Complicated ENSO models do not significantly outperform very simple ENSO models
Halide, Halmar, and Ridd, Peter (2008) Complicated ENSO models do not significantly outperform very simple ENSO models. International Journal of Climatology, 28 (2). pp. 219-233.
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View at Publisher Website: http://dx.doi.org/10.1002/joc.1519
An extremely simple univariate statistical model called IndOzy was developed to predict El Niño-Southern Oscillation (ENSO) events. The model uses five delayed-time inputs of the Niño 3.4 sea surface temperature anomaly (SSTA) index to predict up to 12 months in advance. The prediction skill of the model was assessed using both short- and long-term indices and compared with other operational dynamical and statistical models. Using ENSO-CLIPER(climatology and persistence) as benchmark, only a few statistical models including IndOzy are considered skillful for short-range prediction. All models, however, do not differ significantly from the benchmark model at seasonal Lead-3-6. None of the models show any skill, even against a no-skill random forecast, for seasonal Lead-7. When using the Niño 3.4 SSTA index from 1856 to 2005, the ultra simple IndOzy shows a useful prediction up to 4 months lead, and is slightly less skillful than the best dynamical model LDEO5. That such a simple model such as IndOzy, which can be run in a few seconds on a standard office computer, can perform comparably with respect to the far more complicated models raises some philosophical questions about modelling extremely complicated systems such as ENSO. It seems evident that much of the complexity of many models does little to improve the accuracy of prediction. If larger and more complex models do not perform significantly better than an almost trivially simple model, then perhaps future models that use even larger data sets, and much greater computer power may not lead to significant improvements in both dynamical and statistical models. Investigating why simple models perform so well may help to point the way to improved models. For example, analysing dynamical models by successively stripping away their complexity can focus in on the most important parameters for a good prediction.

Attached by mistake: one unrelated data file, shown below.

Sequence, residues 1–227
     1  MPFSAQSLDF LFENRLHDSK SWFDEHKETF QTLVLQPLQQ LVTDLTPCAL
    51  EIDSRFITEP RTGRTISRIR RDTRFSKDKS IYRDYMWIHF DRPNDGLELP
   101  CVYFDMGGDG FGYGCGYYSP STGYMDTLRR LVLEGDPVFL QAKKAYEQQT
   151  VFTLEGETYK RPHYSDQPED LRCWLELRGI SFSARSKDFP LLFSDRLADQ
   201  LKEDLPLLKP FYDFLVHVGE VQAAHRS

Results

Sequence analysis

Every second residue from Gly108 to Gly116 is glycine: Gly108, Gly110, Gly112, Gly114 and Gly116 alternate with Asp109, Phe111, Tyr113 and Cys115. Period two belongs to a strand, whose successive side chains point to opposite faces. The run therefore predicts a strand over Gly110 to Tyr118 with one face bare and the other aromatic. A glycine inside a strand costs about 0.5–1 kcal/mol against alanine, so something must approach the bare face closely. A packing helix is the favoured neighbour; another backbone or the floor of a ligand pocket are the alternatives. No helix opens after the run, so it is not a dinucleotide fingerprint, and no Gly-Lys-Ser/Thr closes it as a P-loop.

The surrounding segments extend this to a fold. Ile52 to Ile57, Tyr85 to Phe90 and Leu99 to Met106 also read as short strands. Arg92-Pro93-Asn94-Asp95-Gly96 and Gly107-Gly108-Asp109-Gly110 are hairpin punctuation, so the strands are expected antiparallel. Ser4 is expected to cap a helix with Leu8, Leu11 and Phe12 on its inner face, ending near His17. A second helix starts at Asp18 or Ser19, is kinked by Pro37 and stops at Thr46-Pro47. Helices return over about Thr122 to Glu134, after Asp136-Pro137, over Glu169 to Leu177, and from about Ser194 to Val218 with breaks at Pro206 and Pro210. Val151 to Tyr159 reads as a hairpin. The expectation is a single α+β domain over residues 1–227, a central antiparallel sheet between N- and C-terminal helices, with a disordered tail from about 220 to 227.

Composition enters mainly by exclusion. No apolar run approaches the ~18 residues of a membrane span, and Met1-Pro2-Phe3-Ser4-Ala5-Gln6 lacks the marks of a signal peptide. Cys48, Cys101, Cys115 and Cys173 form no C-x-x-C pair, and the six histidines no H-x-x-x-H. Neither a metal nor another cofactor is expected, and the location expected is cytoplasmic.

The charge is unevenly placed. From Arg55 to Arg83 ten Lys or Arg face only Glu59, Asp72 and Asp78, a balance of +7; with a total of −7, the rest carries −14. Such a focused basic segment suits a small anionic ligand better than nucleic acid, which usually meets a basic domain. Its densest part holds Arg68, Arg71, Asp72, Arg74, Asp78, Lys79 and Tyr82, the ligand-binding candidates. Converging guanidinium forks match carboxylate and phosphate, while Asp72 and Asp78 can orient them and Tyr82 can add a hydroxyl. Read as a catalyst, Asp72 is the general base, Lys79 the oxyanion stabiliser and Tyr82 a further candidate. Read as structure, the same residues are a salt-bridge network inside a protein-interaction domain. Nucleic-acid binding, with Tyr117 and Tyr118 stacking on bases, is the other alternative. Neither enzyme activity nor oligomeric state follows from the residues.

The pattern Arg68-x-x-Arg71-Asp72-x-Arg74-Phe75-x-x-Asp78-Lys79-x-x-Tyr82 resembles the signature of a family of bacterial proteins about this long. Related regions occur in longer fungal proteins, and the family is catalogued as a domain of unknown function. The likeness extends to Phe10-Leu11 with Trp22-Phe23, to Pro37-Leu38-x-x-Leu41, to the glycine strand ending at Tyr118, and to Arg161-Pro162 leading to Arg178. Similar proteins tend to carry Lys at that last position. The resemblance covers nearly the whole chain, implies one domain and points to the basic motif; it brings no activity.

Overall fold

|Item Type:||Article (Refereed Research - C1)|
|Keywords:||El Nino; climate forecast; statistical model|
|FoR Codes:||04 EARTH SCIENCES > 0401 Atmospheric Sciences > 040105 Climatology (excl Climate Change Processes) @ 80%|
02 PHYSICAL SCIENCES > 0299 Other Physical Sciences > 029999 Physical Sciences not elsewhere classified @ 20%
|SEO Codes:||96 ENVIRONMENT > 9603 Climate and Climate Change > 960303 Climate Change Models @ 100%|
|Deposited On:||15 Mar 2010 11:25|
|Last Modified:||18 Oct 2013 00:48|
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